Nebraska Revised Statute 29-2104

Chapter 29


Arrest of judgment; grounds.

A motion in arrest of judgment may be granted by the court for either of the following causes: (1) That the grand jury which found the indictment had no legal authority to inquire into the offense charged, by reason of it not being within the jurisdiction of the court; or (2) that the facts stated in the indictment do not constitute an offense.


  • G.S.1873, c. 58, § 493, p. 831;
  • R.S.1913, § 9134;
  • C.S.1922, § 10159;
  • C.S.1929, § 29-2104;
  • R.S.1943, § 29-2104.


  • Challenge to certainty and particularity of information which states an offense in the words of the statute may be made by a motion to quash, but not by a motion in arrest of judgment. State v. Abraham, 189 Neb. 728, 205 N.W.2d 342 (1973).

  • A defendant who pleads not guilty without having raised the question of the lack of or a defective verification waives the defect. State v. Gilman, 181 Neb. 390, 148 N.W.2d 847 (1967).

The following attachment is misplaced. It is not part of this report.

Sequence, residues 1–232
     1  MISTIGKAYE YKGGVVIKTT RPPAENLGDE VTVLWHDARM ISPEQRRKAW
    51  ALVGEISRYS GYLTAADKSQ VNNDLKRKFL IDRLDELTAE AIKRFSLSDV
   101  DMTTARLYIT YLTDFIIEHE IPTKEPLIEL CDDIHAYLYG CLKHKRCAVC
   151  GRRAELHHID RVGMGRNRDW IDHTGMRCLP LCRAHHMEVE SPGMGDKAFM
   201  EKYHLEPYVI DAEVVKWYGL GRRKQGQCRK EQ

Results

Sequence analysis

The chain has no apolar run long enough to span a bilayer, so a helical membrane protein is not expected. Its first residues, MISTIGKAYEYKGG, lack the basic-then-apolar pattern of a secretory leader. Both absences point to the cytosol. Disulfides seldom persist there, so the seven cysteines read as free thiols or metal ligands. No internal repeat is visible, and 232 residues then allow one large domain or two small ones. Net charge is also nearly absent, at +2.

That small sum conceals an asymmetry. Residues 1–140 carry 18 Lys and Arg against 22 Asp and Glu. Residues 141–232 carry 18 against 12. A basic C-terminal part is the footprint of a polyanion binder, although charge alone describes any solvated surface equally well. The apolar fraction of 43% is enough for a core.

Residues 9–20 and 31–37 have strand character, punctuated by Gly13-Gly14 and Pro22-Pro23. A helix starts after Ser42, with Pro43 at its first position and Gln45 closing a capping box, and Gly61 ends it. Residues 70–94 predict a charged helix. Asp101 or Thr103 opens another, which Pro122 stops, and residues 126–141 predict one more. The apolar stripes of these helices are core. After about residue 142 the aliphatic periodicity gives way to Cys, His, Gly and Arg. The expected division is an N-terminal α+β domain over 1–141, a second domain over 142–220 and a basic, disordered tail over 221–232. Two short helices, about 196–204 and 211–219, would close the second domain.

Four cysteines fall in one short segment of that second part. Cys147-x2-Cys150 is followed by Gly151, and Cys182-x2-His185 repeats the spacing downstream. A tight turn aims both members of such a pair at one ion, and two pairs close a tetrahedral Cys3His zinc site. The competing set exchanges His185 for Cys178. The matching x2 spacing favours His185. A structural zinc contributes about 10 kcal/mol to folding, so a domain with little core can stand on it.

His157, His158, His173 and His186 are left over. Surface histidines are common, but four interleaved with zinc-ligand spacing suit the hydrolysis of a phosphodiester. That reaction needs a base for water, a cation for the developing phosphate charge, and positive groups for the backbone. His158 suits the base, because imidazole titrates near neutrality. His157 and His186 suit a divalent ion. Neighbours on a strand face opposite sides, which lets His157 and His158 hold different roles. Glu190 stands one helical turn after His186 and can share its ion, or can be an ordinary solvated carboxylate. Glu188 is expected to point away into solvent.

• Striking motion in arrest of judgment from files instead of overruling it was not prejudicial error. Kopp v. State, 124 Neb. 363, 246 N.W. 718 (1933).

  • Motion in arrest of judgment should be sustained when information is insufficient to charge offense under statute. Korab v. State, 93 Neb. 66, 139 N.W. 717 (1913).

  • Selection of jury from old list prepared during preceding year was not a ground for motion in arrest of judgment, where plea in abatement was filed raising question but ruling thereon was not obtained. Goldsberry v. State, 92 Neb. 211, 137 N.W. 1116 (1912).

  • Sufficiency of information which charges no offense may be challenged, though plea of guilty was entered. Smith v. State, 68 Neb. 204, 94 N.W. 106 (1903).

  • Motion applies only to jurisdiction of court and sufficiency of indictment. Dodge v. People, 4 Neb. 220 (1876).